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November 5, 2015
International Human Rights Organizations Call for Accountability of Myanmar’s Minister of Home Affairs
Tomorrow is Myanmar’s Universal Periodic Review (UPR) hearing in Geneva. Today, a coalition of groups issued a statement calling for accountability for Lt. Gen. Ko Ko, the head of Myanmar’s UPR process:
International Human Rights Organizations Call for Accountability of
Lt. Gen. Ko Ko, Myanmar’s Minister of Home Affairs
November 5, 2015
We, the undersigned organizations, call for Lt. Gen. Ko Ko, Myanmar’s Minister of Home Affairs and Minister for Immigration and Population, to be held accountable for his involvement in human rights violations, war crimes, and crimes against humanity. On November 6, 2015, the United Nations Human Rights Council will review Myanmar’s human rights record during its Universal Periodic Review (UPR) in Geneva. Regrettably, the Myanmar Government has appointed Lt. Gen. Ko Ko to head the committee responsible for its UPR process.
Hundreds of civil society organizations in Myanmar have signed a petition expressing their concern about Lt. Gen. Ko Ko’s role in the UPR process, as well as the current impunity at the national level that exists for his involvement in abuses. They have called on the international community to take concrete steps to hold him accountable.
Lt. Gen. Ko Ko has a well-documented track record of human rights violations. He led Myanmar’s Southern Command during a military offensive in Kayin State from 2005-2008. According to a report released by the Harvard Law School International Human Rights Clinic, there is sufficient evidence against him to satisfy the standard required to issue an arrest warrant by the International Criminal Court for his command over soldiers that intentionally attacked, killed, tortured, enslaved, and forcibly transferred civilians.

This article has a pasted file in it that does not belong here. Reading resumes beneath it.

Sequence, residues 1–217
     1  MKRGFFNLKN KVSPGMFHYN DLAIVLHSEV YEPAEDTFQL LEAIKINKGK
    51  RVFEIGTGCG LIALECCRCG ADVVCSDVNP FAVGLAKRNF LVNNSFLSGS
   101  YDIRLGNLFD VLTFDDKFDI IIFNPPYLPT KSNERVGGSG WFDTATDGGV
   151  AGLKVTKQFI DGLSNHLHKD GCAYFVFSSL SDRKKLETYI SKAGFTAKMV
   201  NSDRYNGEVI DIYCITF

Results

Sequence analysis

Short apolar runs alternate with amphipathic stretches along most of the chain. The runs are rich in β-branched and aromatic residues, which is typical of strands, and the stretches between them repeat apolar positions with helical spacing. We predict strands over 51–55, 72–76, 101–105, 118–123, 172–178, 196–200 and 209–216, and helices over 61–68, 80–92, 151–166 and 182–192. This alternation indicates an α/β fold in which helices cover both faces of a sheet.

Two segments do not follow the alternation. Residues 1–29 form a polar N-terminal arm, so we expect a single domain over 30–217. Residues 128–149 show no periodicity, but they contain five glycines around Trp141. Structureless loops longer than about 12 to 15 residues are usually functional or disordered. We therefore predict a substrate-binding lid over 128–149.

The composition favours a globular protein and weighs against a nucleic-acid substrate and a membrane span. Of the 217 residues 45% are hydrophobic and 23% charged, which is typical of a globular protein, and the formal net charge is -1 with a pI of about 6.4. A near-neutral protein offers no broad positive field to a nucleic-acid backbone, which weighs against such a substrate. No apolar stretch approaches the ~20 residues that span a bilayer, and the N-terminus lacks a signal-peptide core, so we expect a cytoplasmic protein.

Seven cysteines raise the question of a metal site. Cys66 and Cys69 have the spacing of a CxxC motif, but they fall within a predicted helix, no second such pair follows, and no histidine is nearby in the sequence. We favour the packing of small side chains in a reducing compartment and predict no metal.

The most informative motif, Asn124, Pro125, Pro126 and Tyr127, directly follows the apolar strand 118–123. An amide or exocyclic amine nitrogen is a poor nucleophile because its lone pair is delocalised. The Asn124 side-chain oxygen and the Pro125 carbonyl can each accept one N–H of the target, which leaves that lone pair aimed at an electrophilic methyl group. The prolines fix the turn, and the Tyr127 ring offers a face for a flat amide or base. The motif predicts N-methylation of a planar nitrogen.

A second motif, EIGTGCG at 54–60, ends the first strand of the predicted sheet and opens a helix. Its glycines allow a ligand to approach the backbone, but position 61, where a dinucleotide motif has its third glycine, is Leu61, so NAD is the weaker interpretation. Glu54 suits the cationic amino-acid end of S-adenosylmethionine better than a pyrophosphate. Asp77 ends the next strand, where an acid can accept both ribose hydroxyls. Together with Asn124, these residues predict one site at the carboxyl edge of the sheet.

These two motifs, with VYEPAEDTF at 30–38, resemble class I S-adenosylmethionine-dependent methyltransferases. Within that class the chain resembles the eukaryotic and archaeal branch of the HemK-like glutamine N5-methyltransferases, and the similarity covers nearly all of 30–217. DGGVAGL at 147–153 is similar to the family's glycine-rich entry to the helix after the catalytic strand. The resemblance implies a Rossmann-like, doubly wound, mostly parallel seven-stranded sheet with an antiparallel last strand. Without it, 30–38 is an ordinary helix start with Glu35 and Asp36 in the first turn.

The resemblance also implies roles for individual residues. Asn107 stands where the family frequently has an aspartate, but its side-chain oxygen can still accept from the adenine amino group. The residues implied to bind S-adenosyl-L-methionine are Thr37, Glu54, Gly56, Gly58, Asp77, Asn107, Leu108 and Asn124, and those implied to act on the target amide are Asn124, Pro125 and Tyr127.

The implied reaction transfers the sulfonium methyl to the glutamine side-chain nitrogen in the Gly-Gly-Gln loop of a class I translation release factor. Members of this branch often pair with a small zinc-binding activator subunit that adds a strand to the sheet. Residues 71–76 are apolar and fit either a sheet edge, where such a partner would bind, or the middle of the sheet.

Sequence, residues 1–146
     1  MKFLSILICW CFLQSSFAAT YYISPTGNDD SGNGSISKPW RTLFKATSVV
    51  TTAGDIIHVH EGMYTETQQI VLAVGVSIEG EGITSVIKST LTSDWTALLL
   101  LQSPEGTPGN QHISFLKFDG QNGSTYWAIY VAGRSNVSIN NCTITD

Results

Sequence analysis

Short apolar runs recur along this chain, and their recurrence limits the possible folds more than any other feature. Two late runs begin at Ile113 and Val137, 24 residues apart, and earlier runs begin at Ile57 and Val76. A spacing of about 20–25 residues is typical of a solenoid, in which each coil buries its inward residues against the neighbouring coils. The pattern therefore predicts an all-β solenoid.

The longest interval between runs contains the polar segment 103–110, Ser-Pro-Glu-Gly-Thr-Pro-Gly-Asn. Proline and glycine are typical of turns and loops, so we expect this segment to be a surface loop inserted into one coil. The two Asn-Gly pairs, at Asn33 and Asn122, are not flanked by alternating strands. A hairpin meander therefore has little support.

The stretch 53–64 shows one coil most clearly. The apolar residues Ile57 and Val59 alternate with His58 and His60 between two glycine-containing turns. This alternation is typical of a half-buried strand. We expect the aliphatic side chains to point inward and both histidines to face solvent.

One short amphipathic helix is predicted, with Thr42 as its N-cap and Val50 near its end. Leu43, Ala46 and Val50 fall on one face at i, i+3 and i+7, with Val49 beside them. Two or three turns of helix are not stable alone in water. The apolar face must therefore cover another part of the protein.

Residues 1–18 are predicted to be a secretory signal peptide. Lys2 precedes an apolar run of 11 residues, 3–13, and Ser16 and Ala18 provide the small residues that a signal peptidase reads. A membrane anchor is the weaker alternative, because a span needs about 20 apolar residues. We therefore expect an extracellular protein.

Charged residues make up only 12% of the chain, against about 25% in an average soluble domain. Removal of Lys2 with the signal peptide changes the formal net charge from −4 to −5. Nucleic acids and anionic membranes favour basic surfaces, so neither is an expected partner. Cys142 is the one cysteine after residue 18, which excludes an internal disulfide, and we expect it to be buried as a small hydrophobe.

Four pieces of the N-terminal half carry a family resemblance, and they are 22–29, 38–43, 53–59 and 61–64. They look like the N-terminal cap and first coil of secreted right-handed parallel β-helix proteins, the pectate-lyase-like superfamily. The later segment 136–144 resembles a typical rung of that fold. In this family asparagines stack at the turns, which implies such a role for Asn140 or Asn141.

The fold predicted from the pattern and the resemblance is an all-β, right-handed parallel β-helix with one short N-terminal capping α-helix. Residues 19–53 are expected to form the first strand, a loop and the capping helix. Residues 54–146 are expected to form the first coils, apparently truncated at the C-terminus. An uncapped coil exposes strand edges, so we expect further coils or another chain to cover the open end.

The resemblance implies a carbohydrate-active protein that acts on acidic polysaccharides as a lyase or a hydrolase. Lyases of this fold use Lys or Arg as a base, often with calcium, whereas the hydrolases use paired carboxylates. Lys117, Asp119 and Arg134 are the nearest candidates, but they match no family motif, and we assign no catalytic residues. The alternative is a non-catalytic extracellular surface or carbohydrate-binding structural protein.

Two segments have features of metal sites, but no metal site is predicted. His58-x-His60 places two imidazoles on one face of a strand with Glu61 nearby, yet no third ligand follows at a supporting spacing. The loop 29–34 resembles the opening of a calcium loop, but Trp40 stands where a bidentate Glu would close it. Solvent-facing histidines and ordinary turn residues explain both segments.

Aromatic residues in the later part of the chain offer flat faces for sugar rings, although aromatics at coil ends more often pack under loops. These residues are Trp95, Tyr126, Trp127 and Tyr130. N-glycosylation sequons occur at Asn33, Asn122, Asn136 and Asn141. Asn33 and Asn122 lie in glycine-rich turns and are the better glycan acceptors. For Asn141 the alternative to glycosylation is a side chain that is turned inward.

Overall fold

In his current position as the Minister of Home Affairs, Lt. Gen. Ko Ko has also been implicated in human rights abuses, including violations of the rights to freedom of speech and peaceful assembly. For example, strong evidence exists that the Myanmar Police Force, which is under the control of the Ministry of Home Affairs, has repeatedly used unlawful and excessive force against peaceful protesters. In November 2012, Lt. Gen. Ko Ko was accused of authorizing riot police to use white phosphorus munitions to disperse peaceful protesters—mostly monks and villagers—at the Letpadaung Copper Mine, resulting in severe chemical burns of more than 100 people. In March 2015, the police again used excessive force in the town of Letpadan against unarmed protesters calling for reforms to the National Education Law.
The Human Rights Council has called upon the Myanmar Government to take all necessary measures to ensure accountability and end impunity for violations of human rights. This recommendation also was made during Myanmar’s previous UPR in 2011 and has been reiterated in advance questions for the forthcoming UPR this year. Similarly, the UN Special Rapporteur on the situation of human rights in Myanmar, Yanghee Lee, recommended in both her March and October 2015 reports that the Government address impunity for human rights violations committed by security personnel.